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Thread: What is the lightest .txt editor (what is a clone of windows notepad)

  1. #21
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    Re: What is the lightest .txt editor (what is a clone of windows notepad)

    There is very little you need to memorise to be able to use vi:
    i - enter insert mode, to begin entering text (Use cursor keys to move, backspace or delete to remove text).
    Esc - leave insert mode (you can still move with cursor keys)
    :w - write (save) file.
    :q - quit (:q! to quit without saving)
    That's enough to do a basic edit, and not much harder than nano. That's all I learned, all I knew for some years. This is well worth learning because vi is everywhere. Nano isn't. Nano is for those beginners who haven't learned the above four lines.
    The first "fancy" one I learned was !wq - write and quit in one command.

  2. #22
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    Re: What is the lightest .txt editor (what is a clone of windows notepad)

    Quote Originally Posted by The Cog View Post
    There is very little you need to memorise to be able to use vi…
    This is well worth learning because vi is everywhere. Nano isn't. Nano is for those beginners who haven't learned the above four lines…
    Sometimes, we (I hazard the presumption of including myself among the Linux acolytes) are so comfortable around the command line that we forget how uncomfortable it makes newbies feel. While what you say is technically accurate, I think it misses the point that Tadaen_Sylvermane is trying to make: it's not so much the actual commands that make vi/m difficult to use, it's the general environment of obscurity and arcanery.

    I get that modal editors are superpowered to their adepts. I also get that one can more or less find ones way around them without learning their more esoteric functions. But the whole idea of modal editing itself is entirely foreign to a non‑geek. We must remain mindful of the OP's caveat, which is important enough to recap:
    Quote Originally Posted by skoggo View Post
    …Something that is a computerised typewriter and nothing more.
    skoggo is not only speaking for him/herself here; s/he is speaking for practically all newbies—and for more than a few oldies, including me (and Tadaen_Sylvermane and ajgreeny). Actually, I am very thankful that skoggo stated his/her requirements so baldly, which gets to the heart of the matter so succinctly that I'm going to borrow it for my own use.

    Modal editors were created by programmers for programmers. Vi/m is capable of doing triple backward somersaults with four‑and‑a‑half twists. But the vast majority of users have neither the time, patience, acumen nor even the inclination to become world class command line gymnasts. They just want a virtual typewriter. And anything that requires one to switch between edit mode vs command mode vs magic wand mode does not remotely act like a virtual typewriter.

    The fact that vi is everywhere whereas nano is not is, again, true. But it is also a significant barrier to entry that keeps Linux obscure, keeps it arcane, discourages newcomers and turns off even seasoned users like me. The first thing I do after installing a bare bones OS (like OpenWRT) is to install nano.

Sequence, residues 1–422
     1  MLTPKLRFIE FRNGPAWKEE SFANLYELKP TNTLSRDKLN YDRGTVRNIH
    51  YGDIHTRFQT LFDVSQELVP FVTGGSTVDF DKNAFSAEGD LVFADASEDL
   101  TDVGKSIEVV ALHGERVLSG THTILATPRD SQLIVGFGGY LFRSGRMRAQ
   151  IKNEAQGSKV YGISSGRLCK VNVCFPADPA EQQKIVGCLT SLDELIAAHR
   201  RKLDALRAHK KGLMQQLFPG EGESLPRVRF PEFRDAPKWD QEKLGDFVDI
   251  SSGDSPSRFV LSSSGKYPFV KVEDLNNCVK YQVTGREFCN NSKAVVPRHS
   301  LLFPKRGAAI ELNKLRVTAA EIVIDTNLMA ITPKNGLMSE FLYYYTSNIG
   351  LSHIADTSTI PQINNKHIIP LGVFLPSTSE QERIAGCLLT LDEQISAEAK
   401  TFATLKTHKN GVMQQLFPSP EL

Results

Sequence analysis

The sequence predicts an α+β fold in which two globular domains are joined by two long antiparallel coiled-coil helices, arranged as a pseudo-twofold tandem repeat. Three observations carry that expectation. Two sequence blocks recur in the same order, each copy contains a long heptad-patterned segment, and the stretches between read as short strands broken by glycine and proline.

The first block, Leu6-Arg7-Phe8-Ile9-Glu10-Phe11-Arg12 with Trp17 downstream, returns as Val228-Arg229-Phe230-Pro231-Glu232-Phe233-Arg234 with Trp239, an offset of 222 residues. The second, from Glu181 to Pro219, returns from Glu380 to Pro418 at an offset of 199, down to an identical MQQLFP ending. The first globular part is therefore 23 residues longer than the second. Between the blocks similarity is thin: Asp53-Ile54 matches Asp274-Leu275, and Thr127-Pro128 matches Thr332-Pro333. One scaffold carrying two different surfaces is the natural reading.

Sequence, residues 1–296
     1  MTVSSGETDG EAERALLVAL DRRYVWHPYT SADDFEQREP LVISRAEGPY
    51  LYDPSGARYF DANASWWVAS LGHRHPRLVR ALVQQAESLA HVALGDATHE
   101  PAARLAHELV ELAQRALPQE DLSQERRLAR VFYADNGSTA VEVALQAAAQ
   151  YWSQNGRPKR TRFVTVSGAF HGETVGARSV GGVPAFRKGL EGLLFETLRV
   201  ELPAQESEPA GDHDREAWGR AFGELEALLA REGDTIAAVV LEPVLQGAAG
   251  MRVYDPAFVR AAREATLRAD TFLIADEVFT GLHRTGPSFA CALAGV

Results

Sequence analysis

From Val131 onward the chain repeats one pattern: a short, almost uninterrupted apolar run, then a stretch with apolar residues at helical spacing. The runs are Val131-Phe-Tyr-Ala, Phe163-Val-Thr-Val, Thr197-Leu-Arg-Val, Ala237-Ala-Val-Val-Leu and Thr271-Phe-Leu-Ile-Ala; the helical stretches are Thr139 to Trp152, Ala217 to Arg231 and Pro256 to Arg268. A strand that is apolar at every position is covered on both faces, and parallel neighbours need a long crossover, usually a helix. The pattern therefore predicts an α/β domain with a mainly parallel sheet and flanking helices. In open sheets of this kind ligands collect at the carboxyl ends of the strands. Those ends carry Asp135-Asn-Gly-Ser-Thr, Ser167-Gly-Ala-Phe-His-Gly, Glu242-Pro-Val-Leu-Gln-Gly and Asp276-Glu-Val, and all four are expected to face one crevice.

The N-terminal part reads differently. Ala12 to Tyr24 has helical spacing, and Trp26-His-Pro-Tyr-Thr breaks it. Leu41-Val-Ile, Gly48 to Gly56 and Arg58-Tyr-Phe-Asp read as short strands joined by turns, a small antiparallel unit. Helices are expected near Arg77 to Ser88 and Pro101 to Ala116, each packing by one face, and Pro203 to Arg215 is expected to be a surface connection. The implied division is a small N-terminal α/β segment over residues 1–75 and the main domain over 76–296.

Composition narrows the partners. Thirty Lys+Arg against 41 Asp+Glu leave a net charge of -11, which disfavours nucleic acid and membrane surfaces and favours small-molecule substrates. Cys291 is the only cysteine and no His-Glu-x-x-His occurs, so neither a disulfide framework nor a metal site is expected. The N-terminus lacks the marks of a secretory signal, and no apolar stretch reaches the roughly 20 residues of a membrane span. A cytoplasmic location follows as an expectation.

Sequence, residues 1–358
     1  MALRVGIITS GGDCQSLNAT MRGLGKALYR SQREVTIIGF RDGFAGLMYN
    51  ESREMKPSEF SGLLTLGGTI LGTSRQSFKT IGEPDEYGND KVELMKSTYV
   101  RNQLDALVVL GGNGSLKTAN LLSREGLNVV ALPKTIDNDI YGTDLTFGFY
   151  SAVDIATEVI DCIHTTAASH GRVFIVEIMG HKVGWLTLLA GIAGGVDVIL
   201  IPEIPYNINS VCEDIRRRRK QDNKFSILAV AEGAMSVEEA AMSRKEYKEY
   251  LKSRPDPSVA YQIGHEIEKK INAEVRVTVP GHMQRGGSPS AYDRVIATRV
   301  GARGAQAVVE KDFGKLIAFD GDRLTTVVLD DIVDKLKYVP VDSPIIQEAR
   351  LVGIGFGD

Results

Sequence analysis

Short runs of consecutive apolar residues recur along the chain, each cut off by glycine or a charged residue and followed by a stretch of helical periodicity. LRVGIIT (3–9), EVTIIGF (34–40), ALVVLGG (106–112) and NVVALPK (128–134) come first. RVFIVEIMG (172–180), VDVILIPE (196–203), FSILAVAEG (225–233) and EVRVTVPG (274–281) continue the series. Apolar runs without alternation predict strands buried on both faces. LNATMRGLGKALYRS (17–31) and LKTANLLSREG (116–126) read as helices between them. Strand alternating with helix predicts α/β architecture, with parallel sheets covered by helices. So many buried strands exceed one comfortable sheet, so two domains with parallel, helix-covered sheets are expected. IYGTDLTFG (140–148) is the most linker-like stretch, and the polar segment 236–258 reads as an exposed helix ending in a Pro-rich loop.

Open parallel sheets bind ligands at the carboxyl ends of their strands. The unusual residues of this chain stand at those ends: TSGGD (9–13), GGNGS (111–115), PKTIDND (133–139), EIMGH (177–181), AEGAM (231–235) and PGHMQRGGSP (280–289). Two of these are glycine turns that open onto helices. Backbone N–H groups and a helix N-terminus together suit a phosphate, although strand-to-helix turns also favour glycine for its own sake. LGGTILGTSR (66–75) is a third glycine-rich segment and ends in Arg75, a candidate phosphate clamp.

The OP did ask about editors in the context of Ubuntu, where the availability of nano is not at issue.

  3. #23
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    Re: What is the lightest .txt editor (what is a clone of windows notepad)

    here's something i found that teaches to use the vim editor
    https://www.makeuseof.com/master-vim-with-vimtutor/
    xubuntu 20.04.3 LTS (focal fossa)

  4. #24
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    Re: What is the lightest .txt editor (what is a clone of windows notepad)

    You think nano is a toy? What about pico?

  5. #25
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    Re: What is the lightest .txt editor (what is a clone of windows notepad)

    geany, definately (& better than Just Notepad)
    Last edited by xinuzi; 4 Weeks Ago at 03:30 AM.

  6. #26
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    Re: What is the lightest .txt editor (what is a clone of windows notepad)

    Just came back for a visit. I see the editor choice war is still going. Enjoy it if you like.

    An editor is NOT a word processor. I get the feeling we need to be clear about that. If the goal is a simple word processor, almost anything except an editor would be better. I wouldn't use my editor of choice for word processing more than 1-2 paragraphs.

    I do use it for taking notes, however. There are a number of vim extensions just for note taking. I use vimwiki, but there are some heavier tools that are good for that - like gnote https://wiki.gnome.org/Apps/Gnote and Basket-Note Pads https://basket-notepads.github.io/ (very MS-OneNote like) and Zim https://zim-wiki.org/ and if you have a Nextcloud server, there are 1-click modules for note taking for it. I specifically don't want a GUI, so vimwiki fits my needs and can be accessed from anywhere in the world over an ssh connection.

    I'll leave everyone to keep the editor-wars going now.

    The right tool, for the right job and when it comes to text processing, there are probably hundreds of tools for any Unix-like OS. Just depends on the intended use.

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